Binder: Studies have demonstrated that CPOE implementation, if it’s done right, can reduce medication errors anywhere from 50 to 100 percent. The evidence is so powerful that we have identified CPOE as one of our most important standards for safe practices in hospitals. Not only we do we advocate that hospitals adopt these systems, but we list them as standard in our hospital survey, so hospitals that don’t have CPOE get “dinged” in a very substantial way. We have seen an increase in percentage of hospitals adopting CPOE. In 2003, 2.54 percent of hospitals responding to our survey said they had CPOE; and in 2007, it was 10 percent, so we saw about a five-fold increase, but it’s still not close to where it should be—we’d like to see 100 percent have CPOE.

DHP: Now that Leapfrog has helped put CPOE on the map, many are asking how well such systems perform.

Binder: Correct, and that is why we are launching this year the evaluation tool which will measure the efficacy of CPOE as it’s administered in a hospital. So we do recognize that it’s not enough to say you have it—you also have to use it well. And I think not only is it a good tool for CPOE, it’s also a good lesson for all of us in what we’ll need to do as we go forward in implementing EMRs throughout the country. We do need to test these systems repeatedly, because sometimes things get lost in translation.

DHP: What did beta testers of the Leapfrog CPOE Evaluation Tool have to say?

Binder: Eight hospitals piloted our CPOE evaluation tool, and they were all surprised at the number of problems that they found, which they were then able to correct. Sometimes the warnings were going to the wrong place; warnings about interactions were going to the pharmacist not to the prescriber, so the pharmacist would have to track down the prescriber and figure out who the patient was. That’s not an efficient or effective way to manage the system. And there were a ton of problems as far as interactions with allergies; dosage problems where they weren’t getting alerts.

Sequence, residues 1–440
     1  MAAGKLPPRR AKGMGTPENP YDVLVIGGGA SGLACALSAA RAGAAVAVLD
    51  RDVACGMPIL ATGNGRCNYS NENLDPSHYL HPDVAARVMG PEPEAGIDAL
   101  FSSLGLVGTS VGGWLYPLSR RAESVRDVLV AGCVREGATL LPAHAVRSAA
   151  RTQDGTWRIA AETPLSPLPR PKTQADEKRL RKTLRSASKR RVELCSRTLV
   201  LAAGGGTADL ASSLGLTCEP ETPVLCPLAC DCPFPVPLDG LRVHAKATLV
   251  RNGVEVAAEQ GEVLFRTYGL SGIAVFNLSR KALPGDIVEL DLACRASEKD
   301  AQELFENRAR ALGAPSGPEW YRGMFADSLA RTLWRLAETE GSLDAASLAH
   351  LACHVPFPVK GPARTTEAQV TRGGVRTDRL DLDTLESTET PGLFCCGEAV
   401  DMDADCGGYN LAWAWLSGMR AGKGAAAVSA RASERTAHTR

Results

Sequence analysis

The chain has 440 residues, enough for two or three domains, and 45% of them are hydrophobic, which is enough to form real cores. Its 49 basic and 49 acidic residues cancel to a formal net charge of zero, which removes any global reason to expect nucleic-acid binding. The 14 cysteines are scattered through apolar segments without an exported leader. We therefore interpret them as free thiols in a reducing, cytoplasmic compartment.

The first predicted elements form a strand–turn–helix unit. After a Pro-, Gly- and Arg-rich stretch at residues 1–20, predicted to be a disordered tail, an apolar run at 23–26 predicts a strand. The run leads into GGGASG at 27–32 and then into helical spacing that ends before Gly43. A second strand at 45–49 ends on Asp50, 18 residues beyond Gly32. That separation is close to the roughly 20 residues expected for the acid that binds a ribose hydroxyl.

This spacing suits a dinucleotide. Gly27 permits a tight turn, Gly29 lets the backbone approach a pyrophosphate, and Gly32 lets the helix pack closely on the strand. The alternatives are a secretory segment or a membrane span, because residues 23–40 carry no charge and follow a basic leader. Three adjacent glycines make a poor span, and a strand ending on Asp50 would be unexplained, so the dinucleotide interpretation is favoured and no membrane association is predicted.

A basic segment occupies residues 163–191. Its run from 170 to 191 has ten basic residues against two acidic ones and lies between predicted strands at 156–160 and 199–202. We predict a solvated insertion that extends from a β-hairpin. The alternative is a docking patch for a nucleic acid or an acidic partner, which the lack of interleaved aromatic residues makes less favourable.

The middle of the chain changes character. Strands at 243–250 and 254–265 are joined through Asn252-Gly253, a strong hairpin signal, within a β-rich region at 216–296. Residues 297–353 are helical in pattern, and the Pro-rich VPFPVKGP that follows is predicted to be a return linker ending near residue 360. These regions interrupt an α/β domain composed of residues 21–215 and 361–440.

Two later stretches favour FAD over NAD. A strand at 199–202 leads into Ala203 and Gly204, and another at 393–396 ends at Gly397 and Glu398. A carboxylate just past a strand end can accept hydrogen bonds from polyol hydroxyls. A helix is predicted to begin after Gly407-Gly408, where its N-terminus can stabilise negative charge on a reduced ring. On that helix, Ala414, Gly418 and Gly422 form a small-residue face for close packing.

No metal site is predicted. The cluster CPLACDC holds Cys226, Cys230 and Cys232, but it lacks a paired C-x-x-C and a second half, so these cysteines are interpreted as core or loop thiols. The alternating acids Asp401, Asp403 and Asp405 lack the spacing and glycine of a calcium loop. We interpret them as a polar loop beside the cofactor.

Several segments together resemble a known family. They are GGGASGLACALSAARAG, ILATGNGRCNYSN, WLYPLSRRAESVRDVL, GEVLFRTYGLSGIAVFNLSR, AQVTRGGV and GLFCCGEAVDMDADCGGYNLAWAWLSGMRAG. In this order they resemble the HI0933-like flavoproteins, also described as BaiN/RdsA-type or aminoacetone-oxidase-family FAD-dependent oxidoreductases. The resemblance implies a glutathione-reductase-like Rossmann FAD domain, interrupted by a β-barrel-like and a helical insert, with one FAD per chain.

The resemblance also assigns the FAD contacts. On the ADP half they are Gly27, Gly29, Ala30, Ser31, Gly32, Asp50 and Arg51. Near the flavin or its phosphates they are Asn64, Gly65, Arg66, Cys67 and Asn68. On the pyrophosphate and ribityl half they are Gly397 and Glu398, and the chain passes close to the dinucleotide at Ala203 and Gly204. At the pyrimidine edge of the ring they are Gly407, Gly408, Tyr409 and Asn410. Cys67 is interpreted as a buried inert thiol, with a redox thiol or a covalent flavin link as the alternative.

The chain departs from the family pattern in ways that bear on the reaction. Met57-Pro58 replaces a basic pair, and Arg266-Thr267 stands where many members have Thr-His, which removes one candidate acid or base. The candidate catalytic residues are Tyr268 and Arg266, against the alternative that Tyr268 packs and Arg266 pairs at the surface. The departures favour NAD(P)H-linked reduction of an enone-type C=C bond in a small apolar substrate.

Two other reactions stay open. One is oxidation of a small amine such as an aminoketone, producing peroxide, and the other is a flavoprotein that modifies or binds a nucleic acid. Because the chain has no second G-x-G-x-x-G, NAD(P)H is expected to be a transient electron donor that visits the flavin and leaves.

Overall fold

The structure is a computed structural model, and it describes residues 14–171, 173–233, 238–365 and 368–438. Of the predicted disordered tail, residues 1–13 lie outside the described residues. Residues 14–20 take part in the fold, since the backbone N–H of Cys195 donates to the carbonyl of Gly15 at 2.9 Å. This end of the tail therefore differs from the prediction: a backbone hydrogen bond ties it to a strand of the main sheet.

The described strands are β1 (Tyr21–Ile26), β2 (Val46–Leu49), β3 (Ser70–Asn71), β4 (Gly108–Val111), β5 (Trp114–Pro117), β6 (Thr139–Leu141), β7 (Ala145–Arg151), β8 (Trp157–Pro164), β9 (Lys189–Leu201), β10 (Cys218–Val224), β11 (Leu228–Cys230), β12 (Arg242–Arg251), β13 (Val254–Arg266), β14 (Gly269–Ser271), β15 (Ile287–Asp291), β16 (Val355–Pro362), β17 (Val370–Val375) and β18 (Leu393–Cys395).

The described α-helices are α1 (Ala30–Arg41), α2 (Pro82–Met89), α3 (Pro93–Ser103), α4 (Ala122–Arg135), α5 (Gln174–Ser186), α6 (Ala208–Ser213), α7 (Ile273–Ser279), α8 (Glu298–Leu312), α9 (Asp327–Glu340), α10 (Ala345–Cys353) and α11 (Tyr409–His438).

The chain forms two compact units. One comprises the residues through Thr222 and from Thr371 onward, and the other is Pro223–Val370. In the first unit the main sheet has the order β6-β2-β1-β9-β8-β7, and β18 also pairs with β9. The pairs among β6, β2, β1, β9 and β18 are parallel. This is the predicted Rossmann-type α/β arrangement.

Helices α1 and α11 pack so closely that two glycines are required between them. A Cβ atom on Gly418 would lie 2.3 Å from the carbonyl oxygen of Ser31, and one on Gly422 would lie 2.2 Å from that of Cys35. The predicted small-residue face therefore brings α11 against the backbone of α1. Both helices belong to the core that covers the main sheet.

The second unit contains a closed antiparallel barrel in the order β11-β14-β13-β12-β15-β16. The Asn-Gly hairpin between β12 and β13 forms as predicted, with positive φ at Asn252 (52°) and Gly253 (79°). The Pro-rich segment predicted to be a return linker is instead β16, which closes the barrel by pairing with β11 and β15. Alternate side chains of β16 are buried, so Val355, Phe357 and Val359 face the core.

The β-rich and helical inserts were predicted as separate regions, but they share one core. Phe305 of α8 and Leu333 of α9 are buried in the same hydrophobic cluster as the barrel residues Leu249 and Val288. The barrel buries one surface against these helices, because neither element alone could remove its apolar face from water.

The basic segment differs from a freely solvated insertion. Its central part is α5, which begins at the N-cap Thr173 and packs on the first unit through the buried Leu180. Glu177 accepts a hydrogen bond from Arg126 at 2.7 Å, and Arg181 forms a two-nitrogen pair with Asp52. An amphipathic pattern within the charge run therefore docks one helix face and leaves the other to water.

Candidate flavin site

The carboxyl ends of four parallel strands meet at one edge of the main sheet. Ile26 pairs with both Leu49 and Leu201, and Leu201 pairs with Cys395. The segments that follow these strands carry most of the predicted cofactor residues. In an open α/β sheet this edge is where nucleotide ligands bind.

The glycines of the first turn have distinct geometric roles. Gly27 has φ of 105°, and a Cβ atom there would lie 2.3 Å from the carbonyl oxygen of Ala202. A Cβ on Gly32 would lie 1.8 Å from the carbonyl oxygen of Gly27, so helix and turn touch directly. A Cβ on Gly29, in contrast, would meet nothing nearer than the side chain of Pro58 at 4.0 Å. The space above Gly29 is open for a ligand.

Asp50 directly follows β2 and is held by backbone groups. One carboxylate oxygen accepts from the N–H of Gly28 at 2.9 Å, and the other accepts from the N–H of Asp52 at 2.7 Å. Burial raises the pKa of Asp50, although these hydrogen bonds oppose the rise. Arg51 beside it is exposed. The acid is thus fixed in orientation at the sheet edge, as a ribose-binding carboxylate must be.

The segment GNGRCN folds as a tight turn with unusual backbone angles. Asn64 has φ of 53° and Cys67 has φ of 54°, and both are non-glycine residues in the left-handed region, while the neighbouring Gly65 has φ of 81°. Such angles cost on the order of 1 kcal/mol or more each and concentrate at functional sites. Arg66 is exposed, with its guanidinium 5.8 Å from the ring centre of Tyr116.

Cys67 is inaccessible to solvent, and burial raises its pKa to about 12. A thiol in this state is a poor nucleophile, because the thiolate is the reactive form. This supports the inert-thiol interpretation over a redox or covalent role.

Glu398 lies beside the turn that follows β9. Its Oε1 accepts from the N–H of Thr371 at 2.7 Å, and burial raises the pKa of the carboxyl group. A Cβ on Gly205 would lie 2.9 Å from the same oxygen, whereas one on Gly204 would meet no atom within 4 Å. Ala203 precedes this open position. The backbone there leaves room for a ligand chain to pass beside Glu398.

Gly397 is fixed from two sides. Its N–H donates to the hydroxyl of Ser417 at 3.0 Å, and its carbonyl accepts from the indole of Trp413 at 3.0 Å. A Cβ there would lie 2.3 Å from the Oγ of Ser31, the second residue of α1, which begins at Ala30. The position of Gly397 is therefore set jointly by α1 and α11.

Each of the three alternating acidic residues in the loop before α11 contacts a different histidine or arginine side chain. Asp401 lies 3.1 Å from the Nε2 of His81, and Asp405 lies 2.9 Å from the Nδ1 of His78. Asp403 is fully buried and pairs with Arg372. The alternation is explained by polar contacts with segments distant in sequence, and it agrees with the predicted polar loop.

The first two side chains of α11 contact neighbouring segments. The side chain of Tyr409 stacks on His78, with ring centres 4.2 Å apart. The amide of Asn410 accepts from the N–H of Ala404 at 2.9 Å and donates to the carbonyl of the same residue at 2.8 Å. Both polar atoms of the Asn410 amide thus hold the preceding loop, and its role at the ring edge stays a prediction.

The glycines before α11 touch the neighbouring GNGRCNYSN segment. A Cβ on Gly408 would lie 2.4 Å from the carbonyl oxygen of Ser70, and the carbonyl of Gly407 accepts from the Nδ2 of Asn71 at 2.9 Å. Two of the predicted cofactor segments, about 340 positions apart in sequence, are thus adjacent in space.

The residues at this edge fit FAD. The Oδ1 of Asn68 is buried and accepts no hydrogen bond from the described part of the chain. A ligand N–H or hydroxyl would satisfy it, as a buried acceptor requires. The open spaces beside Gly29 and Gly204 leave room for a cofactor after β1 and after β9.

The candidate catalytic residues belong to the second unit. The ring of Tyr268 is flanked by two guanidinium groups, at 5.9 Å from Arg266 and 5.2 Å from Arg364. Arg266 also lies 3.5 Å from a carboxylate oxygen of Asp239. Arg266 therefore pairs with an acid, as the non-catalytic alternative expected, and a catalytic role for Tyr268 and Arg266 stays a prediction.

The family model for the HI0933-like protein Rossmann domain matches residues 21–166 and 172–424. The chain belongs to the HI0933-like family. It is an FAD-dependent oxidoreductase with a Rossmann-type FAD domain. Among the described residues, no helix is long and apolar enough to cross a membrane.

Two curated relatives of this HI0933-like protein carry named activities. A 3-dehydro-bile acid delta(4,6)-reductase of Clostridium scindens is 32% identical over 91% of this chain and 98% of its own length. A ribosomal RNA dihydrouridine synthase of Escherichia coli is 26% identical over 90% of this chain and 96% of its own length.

Certain providers had customized the tool that they bought and turned off important alerts, so there were problems with having customized the system. So I think it’s to the advantage of the IT industry to make sure that hospitals are regularly testing their systems, because there’s a lot that can happen from the time a system is installed to the time that it is deployed.

DHP: As a former administrator of a small hospital network, how will you bring more focus to rural hospital issues?

Binder: I’m going to be looking at opportunities to work closely with rural hospitals. In some ways, smaller hospitals can implement technology like CPOE faster than larger facilities—as long as they have the money, which of course, is a big question mark. And in doing so, they offer some real lessons for the rest of the hospital community in what works and what doesn’t in implementing and administering the CPOE systems. So I can see rural hospitals having the opportunity to be real leaders as we integrate IT in hospital systems.

DHP: What’s next on the horizon for Leapfrog?

Binder: We’ve gained a lot of momentum in the country in the past few years. I see that momentum building, where we have many business coalitions and hundreds of businesses now involved in using Leapfrog data to do their benefits planning and encourage employees to use safer hospitals. In terms of information technology, I’m hopeful we will be successful in our advocacy of CPOE systems, and ultimately I think we’ll be advocating for EMR.